West Seattle, Washington
(refresh for latest info, including updated comments)
Just like last night, we were out for a bit, got home, and suddenly there’s a helicopter – this one also sweeping around southwest West Seattle, Lincoln Park/South Beach Drive vicinity. We saw a few cruisers while we headed through that area a few minutes ago but nothing active except an empty car being checked out by an SPD cruiser with rollers, near the Lincoln Park 76. Listening to the scanner, of course, nothing obvious so far. 11:58 PM UPDATE: Comment from area resident says police told her/him it’s a search related to a robbery at Beach Drive/Lincoln Park Way. We saw two SPD units parked in that exact spot, no rollers though, while driving home at about 11:25 so this might match up. 12:06 PM UPDATE: From the scanner, report of suspect running southbound on beach from ferry terminal after jumping the wall. Helicopter (confirmed as Guardian One, operated by King County, but it assists Seattle Police, who don’t have a chopper) heading that way. 12:22 AM UPDATE: Heard from Lt. Ron Smith at Southwest Precinct: Search for “possible burglary suspects who fled southbound through Lincoln Park.”
Posted by the P-I tonight, the obituary for former five-term Seattle City Councilmember Jeanette Williams, recounting the story of how she fought for federal funding to get The Bridge built, and extensively quoting West Seattle-residing Councilmember Tom Rasmussen, who got his city-government start on Ms. Williams’ staff. $60 million of the bridge’s $150 million cost came from the federal government. (April 1973 photo at left, from the Seattle Municipal Archives.)
Meet Cohen. His proud family wants to let the world know he’s one of the finalists in the CityDog Magazine “Cover Dog” search. We mentioned back in August that CityDog was coming to West Seattle Thriftway as part of the search, during an animal-adoption event; of the 500 dogs who entered both in West Seattle and other locations citywide, five finalists have been chosen, including Cohen. Ray Clemens tells WSB that Cohen is about 7 1/2 months old; he was adopted from the Seattle Animal Shelter in June, after having been abandoned in a park as a small puppy. Ray adds, “We are so proud of him.” Here’s how to vote: See the final lineup here. Send a note to firstname.lastname@example.org with COHEN in the subject line. (If you want to make it really easy, just click here to launch a mail window for the Cohen vote, pre-filled subject line and all.) By the way, you can see all the dogs from the Thriftway photo day by going to this Flickr page. (Side note, CityDog founder Brandi Ahlgren is a West Seattleite.)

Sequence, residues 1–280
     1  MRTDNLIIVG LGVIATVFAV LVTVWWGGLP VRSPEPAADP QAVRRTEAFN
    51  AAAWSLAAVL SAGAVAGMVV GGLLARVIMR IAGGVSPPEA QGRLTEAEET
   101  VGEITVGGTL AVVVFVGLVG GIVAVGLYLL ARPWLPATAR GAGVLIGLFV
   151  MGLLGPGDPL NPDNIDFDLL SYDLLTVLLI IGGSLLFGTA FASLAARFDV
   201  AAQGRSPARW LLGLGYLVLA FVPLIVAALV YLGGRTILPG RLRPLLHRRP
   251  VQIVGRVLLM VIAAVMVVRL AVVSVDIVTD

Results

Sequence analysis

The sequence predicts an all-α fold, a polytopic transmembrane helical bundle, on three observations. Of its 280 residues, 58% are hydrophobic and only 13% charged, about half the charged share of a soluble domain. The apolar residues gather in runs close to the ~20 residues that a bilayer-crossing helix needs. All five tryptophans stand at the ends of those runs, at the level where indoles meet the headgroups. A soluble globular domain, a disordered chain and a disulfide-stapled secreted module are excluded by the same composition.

Yes, by the time 3 o’clock approached, it was all too much for that West Seattle Junction trick-or-treating munchkin. But in the preceding two hours, such excitement:
That’s the view looking over the Thrill the World dance encore toward the adoring crowd on the southwest corner of the Walk-All-Ways intersection. (See video of their Occidental Park “official” performance here; they’re at Admiral Theater tonight at 9.) Earlier at that same intersection:
All along the streets of The Junction, businesspeople were waiting to hand out treats. Any guesses who this is?
That’s Dawn Leverett, president of the West Seattle Chamber of Commerce board – for today, the Cham-BOO! of Commerce – outside Windermere Real Estate. We also found potentially shadowy characters outside Shadow Land:
Here’s who greeted trick-or-treaters at Zamboanga:
Back at Hotwire Coffee (WSB sponsor), Thrill the World-West Seattle organizer Lora Lewis was still in zombie garb, attacking her “Project Runway” star barista Blayne:
As for the West Seattle citizenry, a little cooking humor for Chris and Steve (with baby Owen):
Having been to a few conferences lately, we could appreciate the costume on the left side of this pic:
The Junction event was the first of three business-district trick-or-treating events this Halloween season. The other two are on Halloween, next Friday — the Admiral merchants welcome you 3 to 6 pm (see the WSB Holidays page for full details on the giveaway that’s involved) and Westwood Village 5-7 pm. Here’s hoping Friday has weather like today’s … like these two from Forsythe Studio, the sunshine was truly, well, groovy: